More NewsTroubled Clothing E-tailer Bluefly Strikes AOL Pact

Troubled Clothing E-tailer Bluefly Strikes AOL Pact

Cash-strapped online retailer Bluefly places great faith in AOL.

With cash reserves running dangerously low, embattled online retailer Bluefly Monday announced a merchandising pact with America Online for placement in the Shop@AOL online shopping destinations.

Under terms of the deal, Bluefly.com will be a gold tenant in several key Shop@AOL, AOL.com, CompuServe and Netscape Netcenter‘s online shopping channels. Financial terms of the deal were not disclosed.

The retailer will receive gold tenent status in Women’s Clothing and Accessories; Men’s Clothing and Accessories; Teen Girl’s Clothing and Accessories; Department Stores, Shoes, Handbags, and Accessories; and Home Furnishings & Decor.

In addition, Bluefly will be a silver tenant in the channels’ Kids & Baby Clothing and Accessories area.

Investors reacted favorably to the announcement, with shares of the company shooting up as much as 67 percent today.

At press time, the share price was hovering around the $3 mark, up 54 percent from the $1.93 close on Friday, although still 80 percent off the 52-week high of $16.6875.

Bluefly clearly values the typically high-priced portal deal. Last month, the retailer signed a similar agreement with Microsoft‘s MSN.com.

That deal, which expanded an earlier relationship, called for the store to be a featured tenant in the portal’s eShop channel, with fixed links in the clothing and accessories department.

Another financial reprieve also came Monday for Bluefly, when financier George Soros’ fund filed SEC documents agreeing to a $3 million purchase of senior notes and warrants.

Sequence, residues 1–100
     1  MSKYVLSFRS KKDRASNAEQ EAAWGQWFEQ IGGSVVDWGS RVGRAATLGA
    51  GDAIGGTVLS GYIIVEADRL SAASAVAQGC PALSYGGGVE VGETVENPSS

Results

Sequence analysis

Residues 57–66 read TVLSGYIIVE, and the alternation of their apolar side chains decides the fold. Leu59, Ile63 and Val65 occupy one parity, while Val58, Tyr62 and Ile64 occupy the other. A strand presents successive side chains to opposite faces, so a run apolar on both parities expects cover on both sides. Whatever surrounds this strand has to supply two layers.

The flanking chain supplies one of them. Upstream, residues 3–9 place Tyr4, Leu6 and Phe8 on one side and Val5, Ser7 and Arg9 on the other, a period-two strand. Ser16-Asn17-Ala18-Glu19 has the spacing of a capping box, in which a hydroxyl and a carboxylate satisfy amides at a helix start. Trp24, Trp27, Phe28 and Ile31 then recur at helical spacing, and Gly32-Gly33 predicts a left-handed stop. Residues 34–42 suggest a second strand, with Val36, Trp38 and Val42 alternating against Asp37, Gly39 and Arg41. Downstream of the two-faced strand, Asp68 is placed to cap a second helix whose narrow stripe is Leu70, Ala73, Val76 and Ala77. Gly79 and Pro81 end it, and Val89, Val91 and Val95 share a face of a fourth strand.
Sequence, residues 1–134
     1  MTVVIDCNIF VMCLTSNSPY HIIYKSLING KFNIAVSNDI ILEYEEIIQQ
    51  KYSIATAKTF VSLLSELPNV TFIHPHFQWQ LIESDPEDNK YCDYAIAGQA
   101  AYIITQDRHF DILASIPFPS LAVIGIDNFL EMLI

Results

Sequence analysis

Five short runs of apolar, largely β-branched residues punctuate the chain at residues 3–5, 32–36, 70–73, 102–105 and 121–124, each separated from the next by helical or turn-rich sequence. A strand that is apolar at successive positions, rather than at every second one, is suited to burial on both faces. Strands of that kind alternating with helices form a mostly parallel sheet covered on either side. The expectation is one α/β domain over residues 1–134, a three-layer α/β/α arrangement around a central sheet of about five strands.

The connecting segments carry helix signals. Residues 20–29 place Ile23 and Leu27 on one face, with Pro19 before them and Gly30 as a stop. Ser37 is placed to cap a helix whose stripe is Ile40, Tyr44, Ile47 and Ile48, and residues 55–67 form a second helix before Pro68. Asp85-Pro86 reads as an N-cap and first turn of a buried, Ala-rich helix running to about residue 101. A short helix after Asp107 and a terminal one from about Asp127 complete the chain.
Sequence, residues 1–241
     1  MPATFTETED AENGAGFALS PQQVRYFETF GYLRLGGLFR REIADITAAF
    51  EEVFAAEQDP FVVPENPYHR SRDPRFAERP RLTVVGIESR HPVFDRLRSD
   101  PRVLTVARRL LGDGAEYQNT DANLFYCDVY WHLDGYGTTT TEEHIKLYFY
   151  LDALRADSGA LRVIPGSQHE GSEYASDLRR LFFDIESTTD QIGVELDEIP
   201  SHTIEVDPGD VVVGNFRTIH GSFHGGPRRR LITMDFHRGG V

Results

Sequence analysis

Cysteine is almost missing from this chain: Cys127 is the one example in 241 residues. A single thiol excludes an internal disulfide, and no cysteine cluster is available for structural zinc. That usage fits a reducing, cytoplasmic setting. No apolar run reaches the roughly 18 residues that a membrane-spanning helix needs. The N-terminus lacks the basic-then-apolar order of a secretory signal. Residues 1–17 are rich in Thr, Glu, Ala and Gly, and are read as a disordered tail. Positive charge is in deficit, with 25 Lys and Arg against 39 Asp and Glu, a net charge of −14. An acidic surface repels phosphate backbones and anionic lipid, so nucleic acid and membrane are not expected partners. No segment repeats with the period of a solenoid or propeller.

The announcements of the AOL agreement and Soros’ buy-in could not have come at a better time for the cash-strapped retailer, which is actively shopping itself around following disappointing second quarter earnings.

Bluefly recorded second quarter revenues of $4.33 million, up 480 percent from $741,000 a year ago. Net loss for the second quarter was $5.3 million, or $1.12 per share, a 77 percent jump from $3 million in losses recorded in the same, year-ago period.

Bluefly had $3.9 million in cash as of June 30, $4 million less than it had at the end of 1999.

Bluefly CEO Ken Seiff told atNewYork two weeks ago that the company has enough cash to get it through the end of this year, although “other options to raise money” must be pursued to keep the company afloat.

He said Bluefly would pursue “strategic alternatives,” which include entering into a joint venture or partnership or the company’s outright sale.

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